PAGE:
With over 35 years in the agribusiness sector, team leader Mohan Nair is managing an innovative catalytic fund for the World Bank in Mozambique. By linking successful corporations to grassroot agriculture, the fund aims to start bridging the wealth divide.
The inequality in Mozambique stares you in the face. Around the country’s coalfields, for example, there are some of the richest companies in the world, surrounded by some of the very poorest communities in Africa. The contrast is exactly the same, from north to south. You'll encounter areas of rapid development, but the deep poverty is plain to see on all sides. Around 70% of Mozambique’s population still live in rural areas, with more than half of all families beneath the poverty line.
Without investment in its farming communities, Mozambique will struggle to bring about the necessary socioeconomic change to improve living and working conditions among its scattered, rural population. The World Bank and the Government of Mozambique have recognised an opportunity to connect the success of these agribusiness corporations to smallholder farms and micro, small and medium enterprises (MSMEs) that are struggling to find investment in a country where hard currency is in short supply.
The Integrated Growth Poles Project aims to improve rural employment and economies around the Zambezi Valley and Nacala Corridor – both identified as high growth potential zones. Strong private sector operators are effectively incentivised to launch social enterprises that will reach out to nearby individuals, associations or cooperatives. Interestingly, the World Bank has yet to make widespread use of this kind of funding, with previous trials limited to Madagascar and China. By providing ‘magnets’ for economic expansion, the programme helps to support and centralise the country’s efforts to improve healthcare, education, infrastructure and social services.
Our team brings close working relationships with both the World Bank and the Mozambican Government, as well as a good understanding of the country itself. Our role is to manage, disburse and account for a sub-project called the Innovation and Demonstration Catalytic Fund (IDCF). As the name suggests, beneficiaries of the fund need to offer something new to their sector that can be replicated by others, in a way that will stimulate growth in local communities. The grant encourages the creation of so-called ‘business vehicles’ that can carry smallholders along with them on the journey to prosperity. The investments will also grow the number of skilled workers and the range of skills available in the local labour market – leading to more inclusive economic growth.
Connecting the supply chain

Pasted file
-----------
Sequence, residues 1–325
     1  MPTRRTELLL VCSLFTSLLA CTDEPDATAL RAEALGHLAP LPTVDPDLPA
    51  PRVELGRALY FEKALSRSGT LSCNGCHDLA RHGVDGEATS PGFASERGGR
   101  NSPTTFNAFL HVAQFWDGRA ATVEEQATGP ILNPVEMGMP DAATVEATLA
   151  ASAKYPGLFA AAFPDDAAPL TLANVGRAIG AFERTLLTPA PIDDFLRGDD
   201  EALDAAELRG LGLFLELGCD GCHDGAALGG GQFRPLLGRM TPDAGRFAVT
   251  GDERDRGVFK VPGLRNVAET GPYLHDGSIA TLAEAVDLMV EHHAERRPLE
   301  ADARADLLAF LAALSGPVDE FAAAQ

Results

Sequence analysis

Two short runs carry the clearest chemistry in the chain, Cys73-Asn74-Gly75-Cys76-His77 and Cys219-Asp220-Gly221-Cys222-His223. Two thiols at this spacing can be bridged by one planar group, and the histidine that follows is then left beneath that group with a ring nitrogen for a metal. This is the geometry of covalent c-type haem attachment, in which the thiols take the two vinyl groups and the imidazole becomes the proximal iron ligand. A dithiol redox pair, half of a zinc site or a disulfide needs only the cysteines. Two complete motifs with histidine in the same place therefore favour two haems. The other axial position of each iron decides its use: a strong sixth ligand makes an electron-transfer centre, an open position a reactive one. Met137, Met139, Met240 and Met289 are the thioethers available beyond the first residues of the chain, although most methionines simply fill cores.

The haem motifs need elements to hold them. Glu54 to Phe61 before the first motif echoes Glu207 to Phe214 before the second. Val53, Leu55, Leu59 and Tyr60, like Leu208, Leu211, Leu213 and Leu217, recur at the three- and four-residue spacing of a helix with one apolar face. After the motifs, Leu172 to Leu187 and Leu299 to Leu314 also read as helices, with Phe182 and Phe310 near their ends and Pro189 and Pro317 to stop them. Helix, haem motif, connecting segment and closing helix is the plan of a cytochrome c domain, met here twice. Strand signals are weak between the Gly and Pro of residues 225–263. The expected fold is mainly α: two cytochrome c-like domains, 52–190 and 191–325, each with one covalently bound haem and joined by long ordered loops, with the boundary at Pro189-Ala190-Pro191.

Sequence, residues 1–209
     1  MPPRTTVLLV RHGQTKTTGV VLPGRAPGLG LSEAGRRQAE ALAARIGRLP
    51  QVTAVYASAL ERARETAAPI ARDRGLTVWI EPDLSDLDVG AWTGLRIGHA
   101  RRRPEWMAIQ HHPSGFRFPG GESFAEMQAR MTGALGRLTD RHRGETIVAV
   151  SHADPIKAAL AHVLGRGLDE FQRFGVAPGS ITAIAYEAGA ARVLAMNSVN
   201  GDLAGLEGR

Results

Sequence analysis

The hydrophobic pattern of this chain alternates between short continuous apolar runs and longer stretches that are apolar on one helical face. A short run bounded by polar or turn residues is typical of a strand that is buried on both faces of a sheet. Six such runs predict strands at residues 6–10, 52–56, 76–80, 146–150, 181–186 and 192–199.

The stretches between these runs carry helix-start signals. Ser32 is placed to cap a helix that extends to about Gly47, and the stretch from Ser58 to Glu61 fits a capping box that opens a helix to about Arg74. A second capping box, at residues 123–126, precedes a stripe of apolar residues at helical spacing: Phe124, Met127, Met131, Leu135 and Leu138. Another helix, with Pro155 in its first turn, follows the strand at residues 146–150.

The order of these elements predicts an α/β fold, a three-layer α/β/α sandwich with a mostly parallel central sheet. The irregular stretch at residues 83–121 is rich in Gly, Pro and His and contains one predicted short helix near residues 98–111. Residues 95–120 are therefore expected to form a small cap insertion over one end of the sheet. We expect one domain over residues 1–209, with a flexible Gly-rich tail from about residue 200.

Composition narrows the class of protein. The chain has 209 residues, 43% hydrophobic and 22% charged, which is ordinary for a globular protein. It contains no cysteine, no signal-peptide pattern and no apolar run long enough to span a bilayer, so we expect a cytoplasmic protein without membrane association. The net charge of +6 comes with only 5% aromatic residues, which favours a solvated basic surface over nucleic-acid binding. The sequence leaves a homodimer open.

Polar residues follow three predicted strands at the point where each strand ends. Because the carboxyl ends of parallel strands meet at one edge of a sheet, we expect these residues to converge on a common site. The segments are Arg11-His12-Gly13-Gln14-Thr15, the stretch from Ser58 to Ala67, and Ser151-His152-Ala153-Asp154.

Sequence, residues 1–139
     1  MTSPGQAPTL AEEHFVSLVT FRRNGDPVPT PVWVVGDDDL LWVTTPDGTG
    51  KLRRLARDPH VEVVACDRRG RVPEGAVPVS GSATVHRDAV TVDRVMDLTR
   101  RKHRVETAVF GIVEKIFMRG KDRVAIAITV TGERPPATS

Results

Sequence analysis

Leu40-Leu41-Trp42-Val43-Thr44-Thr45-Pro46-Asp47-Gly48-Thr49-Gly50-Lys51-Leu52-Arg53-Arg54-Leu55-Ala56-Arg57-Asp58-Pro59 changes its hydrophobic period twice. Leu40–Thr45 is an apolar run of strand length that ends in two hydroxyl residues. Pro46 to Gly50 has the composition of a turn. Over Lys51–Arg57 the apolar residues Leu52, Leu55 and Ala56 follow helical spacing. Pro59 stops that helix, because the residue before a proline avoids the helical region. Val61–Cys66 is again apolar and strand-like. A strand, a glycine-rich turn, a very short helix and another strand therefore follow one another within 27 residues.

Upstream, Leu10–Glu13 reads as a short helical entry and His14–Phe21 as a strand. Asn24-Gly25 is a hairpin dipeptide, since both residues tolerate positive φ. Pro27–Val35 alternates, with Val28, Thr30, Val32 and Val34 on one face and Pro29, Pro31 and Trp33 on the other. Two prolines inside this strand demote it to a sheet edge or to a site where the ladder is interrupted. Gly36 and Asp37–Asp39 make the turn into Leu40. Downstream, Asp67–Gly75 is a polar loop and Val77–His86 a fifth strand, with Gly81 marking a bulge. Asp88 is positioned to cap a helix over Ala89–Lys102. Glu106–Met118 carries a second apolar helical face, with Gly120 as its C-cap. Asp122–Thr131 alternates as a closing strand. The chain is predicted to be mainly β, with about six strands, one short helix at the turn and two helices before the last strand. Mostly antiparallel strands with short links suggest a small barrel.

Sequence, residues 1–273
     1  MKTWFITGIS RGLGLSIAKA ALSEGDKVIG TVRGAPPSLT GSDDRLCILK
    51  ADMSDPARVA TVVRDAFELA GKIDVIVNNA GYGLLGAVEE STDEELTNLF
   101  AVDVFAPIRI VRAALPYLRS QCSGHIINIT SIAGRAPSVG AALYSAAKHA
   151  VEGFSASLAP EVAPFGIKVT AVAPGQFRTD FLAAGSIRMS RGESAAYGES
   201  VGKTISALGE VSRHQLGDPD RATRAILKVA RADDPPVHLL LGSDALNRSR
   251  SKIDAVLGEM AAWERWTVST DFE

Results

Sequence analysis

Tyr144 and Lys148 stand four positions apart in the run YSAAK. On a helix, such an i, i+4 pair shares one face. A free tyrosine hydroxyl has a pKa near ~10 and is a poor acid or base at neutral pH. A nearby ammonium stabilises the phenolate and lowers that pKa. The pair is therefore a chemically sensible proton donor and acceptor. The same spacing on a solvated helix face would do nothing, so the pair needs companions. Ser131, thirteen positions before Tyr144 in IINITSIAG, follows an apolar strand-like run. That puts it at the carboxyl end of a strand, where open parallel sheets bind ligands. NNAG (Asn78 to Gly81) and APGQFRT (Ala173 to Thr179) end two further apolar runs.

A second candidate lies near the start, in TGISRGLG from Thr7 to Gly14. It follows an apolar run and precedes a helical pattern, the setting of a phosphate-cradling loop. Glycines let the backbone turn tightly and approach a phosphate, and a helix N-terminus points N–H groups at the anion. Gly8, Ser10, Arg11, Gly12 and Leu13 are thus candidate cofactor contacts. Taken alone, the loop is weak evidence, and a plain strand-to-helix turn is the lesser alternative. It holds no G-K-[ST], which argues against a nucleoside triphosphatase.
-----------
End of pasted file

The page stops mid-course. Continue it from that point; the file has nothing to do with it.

Ventures were chosen for their potential to contribute to a more competitive market place, allowing the ultimate beneficiaries – rural households – to have real choice and gain a realistic price. For example, the fund disbursed a grant to strengthen the ecosystem of an organic sugarcane factory. In total, 550 smallholders will now produce sugarcane that can be processed into organic sugar by EcoFarm near the town of Chemba in Sofala Province.
The factory also supports local cattle farmers, by spreading dung from 2,000 cattle, and the blood from slaughter, to fertilise the soil organically. In turn, molasses from the factory will fatten the cattle. The factory’s water boiler is powered by electricity generated from bio-mass, such as the cane crushings. Besides the 550 small-holders, the company directly employs 700 workers in agriculture and 250 in the factory. During the harvest a further 800 are employed seasonally.
Likewise, the fund is helping to establish a new long-life milk market in Manica province, central Mozambique. A thousand soy farmers will contribute to a new animal feed factory, while 200 dairy farmers will receive cattle – including Nurja Norman, who recently lost many of her cattle to disease. She and her husband will gain six milking cows to rebuild their stock.
Nurja is in no doubt that the proximity of the new collection centre will make a big difference. “We used to take milk to a factory in Vanduzi, which involved a long bus journey to deliver just 5-10 litres of milk,” she said. "This programme is very important to us. We don’t have jobs, so this will be our sole source of income."
Twenty-four-year-old Anselmo Pereira is a founding member of the sugar cooperative (COOP-CANA) in Chiúre, Cabo Delgado province. With IDCF support, the cooperative is now installing an irrigation system, comprising two pivot systems, or sprinklers, which will be able to water 45 hectares each.
Anselmo is already thinking of the future. “My dream is to help develop and alleviate the suffering of my community. For example, many women and children are attacked by crocodiles when washing laundry or drawing water from the Lúrio river. We want to save up and open a public water hole will take away the need to compete for space with the crocodiles.” That’s good for the people, and good for the crocs too.
The project is still gathering momentum, yet already it is impacting 40,000 people directly – and therefore touching the lives of over 200,000, including their immediate families. Poverty is not just a measure of how many dollars are earned per person, per day. When you develop rural areas, good things start to happen. Child mortality comes down. Life expectancy goes up. Fewer mothers die in delivery. Drinkable water becomes available. Children start going to school. People buy bicycles. They buy radios. All of this matters.
The most important step towards change is always the first.
Mott MacDonald is grant manager for the World Bank.